Eight ways to use etiquette to your advantage

Looking for a job? A Date? New Friends? Here’s how to put your best foot forward.

Lets face it, LIFE is one long series of interviews. Filled with challenges and disappointments, you may not always land the opportunities you seek. With any luck, each step will bring a new direction, promotion, or change. If this sounds easier than it actually is, remember you’re not alone. Plenty of budding entrepreneurs and famous CEOs have competed for and lost jobs. We all struggle with the age old question of how can I set myself apart?

The competition is cutthroat, and if you’re lucky enough to get an interview, you don’t want to blow it. According to USA Today, you have exactly three seconds to impress, win over, and connect with a prospective interviewer. It is essential that you make a good first impression. You might be asking yourself, “What can I communicate in three seconds?” and the answer is PLENTY. Your expression, handshake, and appearance convey confidence, your ability to fit in, and ultimately your ability to be successful.

Whether you seek a job, a date, or just a new challenge in your life, understanding and employing the following behaviors will help ensure a positive outcome:

To beat 85% of your competition, you simply have to show up…on time. It wont hurt to look your best and remember that simple people skills make a big difference. Smile, sit up straight, and listen attentively. A firm handshake and eye contact will establish your confidence, credibility, and respectability.

Avoid distractions – yes, that means putting away the cell phone for an hour, but it also means focusing! Be in the moment and avoid annoying habits like jiggling pocket change, smacking or chewing gum loudly, or making strange sounds. Okay fine, it is 2015 so you can have your cell phone with you on a date, but you should never answer it and continue to talk!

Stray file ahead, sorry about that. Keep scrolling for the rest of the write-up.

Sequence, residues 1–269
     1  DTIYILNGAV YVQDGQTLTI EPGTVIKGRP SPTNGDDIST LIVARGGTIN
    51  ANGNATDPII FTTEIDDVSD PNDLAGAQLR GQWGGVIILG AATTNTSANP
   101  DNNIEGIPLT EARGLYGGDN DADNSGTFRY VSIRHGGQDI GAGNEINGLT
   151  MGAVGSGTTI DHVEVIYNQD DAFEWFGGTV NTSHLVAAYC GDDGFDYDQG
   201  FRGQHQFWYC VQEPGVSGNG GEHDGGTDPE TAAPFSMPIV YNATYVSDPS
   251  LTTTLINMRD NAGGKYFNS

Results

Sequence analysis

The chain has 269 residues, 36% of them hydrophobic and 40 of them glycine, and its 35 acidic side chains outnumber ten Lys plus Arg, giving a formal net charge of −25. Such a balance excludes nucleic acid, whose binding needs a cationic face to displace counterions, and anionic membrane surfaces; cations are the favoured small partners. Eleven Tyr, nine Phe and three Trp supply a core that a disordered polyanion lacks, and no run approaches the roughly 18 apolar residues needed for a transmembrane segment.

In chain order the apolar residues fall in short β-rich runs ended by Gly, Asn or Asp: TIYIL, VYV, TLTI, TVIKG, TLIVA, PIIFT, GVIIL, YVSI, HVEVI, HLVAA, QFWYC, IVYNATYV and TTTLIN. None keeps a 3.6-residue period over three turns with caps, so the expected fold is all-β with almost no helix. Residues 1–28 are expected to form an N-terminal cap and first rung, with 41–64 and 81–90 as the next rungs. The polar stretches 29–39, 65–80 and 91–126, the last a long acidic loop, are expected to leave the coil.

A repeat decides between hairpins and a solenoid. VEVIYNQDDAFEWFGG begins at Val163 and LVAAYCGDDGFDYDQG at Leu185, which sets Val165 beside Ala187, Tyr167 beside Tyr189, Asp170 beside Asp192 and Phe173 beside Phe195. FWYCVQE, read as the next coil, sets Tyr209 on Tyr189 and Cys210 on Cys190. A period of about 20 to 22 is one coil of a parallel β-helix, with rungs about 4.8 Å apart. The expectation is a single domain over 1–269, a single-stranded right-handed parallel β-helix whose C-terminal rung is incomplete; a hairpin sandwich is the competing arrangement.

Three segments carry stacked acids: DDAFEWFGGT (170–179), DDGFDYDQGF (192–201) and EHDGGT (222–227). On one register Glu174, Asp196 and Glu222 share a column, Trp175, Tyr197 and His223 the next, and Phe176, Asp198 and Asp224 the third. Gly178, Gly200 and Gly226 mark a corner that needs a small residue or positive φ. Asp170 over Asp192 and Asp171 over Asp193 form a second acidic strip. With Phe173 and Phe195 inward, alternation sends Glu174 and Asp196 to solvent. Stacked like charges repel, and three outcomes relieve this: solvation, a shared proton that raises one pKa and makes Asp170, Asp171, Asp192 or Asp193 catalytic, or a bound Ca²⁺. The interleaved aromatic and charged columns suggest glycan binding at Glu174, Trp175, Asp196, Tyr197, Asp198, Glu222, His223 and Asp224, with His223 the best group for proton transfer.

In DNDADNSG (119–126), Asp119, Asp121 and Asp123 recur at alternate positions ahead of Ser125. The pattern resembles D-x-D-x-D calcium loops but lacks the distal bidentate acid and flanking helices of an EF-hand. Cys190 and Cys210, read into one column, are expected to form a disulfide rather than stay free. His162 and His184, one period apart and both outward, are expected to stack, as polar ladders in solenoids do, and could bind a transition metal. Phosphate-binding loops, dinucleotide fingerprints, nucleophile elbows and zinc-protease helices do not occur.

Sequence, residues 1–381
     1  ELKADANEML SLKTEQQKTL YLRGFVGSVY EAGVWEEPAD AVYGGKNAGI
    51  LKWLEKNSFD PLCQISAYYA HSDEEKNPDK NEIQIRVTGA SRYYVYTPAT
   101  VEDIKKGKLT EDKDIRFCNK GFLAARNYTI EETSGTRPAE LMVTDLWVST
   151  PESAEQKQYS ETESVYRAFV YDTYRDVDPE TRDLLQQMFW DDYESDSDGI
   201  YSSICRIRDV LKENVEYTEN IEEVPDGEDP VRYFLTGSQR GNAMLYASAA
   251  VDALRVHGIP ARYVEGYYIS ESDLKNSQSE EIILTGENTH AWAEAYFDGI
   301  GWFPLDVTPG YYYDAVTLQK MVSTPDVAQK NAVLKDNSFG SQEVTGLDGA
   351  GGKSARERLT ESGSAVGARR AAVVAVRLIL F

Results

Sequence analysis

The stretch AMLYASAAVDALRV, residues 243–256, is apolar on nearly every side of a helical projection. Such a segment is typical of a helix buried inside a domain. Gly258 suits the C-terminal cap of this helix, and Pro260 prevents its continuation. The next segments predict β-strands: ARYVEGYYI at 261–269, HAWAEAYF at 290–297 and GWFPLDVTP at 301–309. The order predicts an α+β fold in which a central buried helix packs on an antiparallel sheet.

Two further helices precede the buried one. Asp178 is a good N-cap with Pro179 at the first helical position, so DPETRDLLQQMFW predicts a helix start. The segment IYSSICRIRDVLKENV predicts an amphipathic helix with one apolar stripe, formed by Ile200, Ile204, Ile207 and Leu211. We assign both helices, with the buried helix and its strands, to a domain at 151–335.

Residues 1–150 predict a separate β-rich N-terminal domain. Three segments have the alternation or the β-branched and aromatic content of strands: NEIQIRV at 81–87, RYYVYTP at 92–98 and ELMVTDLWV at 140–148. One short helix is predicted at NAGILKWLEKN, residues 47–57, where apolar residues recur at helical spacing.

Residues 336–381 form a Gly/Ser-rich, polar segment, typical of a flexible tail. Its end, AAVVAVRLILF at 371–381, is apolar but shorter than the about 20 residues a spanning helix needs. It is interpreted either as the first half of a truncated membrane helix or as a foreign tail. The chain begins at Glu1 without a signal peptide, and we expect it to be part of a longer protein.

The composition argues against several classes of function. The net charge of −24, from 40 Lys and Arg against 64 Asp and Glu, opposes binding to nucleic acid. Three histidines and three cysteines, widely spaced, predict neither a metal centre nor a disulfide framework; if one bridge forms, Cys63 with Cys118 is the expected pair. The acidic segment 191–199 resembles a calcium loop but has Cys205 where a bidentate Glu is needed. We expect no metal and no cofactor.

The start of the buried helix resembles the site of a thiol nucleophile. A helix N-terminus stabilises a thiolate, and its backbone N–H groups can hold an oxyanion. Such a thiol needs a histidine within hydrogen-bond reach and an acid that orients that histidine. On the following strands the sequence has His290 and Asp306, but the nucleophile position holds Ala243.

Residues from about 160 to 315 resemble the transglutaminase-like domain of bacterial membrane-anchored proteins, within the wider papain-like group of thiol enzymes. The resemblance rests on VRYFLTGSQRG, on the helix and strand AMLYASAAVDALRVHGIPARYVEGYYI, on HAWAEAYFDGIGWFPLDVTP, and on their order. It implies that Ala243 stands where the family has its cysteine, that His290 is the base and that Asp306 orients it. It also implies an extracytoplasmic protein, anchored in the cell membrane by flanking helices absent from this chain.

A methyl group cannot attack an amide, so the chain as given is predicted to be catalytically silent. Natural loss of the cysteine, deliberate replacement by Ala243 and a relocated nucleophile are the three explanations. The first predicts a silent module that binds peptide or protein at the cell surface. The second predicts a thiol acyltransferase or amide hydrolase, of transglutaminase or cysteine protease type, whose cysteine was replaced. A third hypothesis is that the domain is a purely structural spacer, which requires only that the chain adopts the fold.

Call people by their name, it’s a great way to establish rapport. Not only does it give them a personal connection to the conversation, it makes them feel good. Show genuine interest in your date, the company or the opportunity by asking questions and sharing personal (and appropriate) information about yourself. Failure to display your personality will only delay the inevitable. Remember the outcome should be a win/win for everyone involved.

Never interrupt, talk over or around someone while they are speaking. Include everyone in the discussion, and avoid only speaking about yourself. Realize that conversation is a two way street and people will like you more if you take the time to show interest in them.

Always have table manners. Ideally, your encounter will include a meal. Careful, you can tell a lot about a person by the way they handle themselves at the dining table. Avoid fussing over your order, hassling or being rude to the server. It sends a bad message regarding how you deal with people in general. Don’t look at it as an excuse for a free lunch, order the most expensive thing on the menu or finish your meal before everyone else. Relax, slow down and enjoy the conversation with your dining companions.

Never cancel unless there is good reason. If this is important to you, it is important to show up when scheduled. If you can’t make it or your plate is full, be upfront with others but recognize you may not get a second chance.

Appreciate and use spellcheck. It is not hard and takes no more than a few seconds. Proof reading texts, emails, and your resume may seem tedious, but it could save your reputation from a less than flattering image.

Practice email courtesy etiquette. Avoid getting too friendly, casual, brief, or using acronyms like TTYL, LOL or the like. Without physical interaction we are prone to forget our manners. Never use email to deliver bad news, criticize, or deliver important or time-sensitive information.

Most importantly, regardless of how things are going, be kind, respectful and appreciative of the opportunity to interview for the position. Thank them for their time. Use good judgment, it is a reflection of your attitude and character. Even if you do not want the job or another date it is your social responsibility to treat them with courtesy.

Credit // Author: Katherine Mason Young

Katherine Mason Young is helping audiences of all backgrounds learn everything they wanted to know about etiquette, but were too afraid to ask. Katherine covers what to do, what not to do, and all the rules in-between. Learn more at campuspeak.com/mason-young.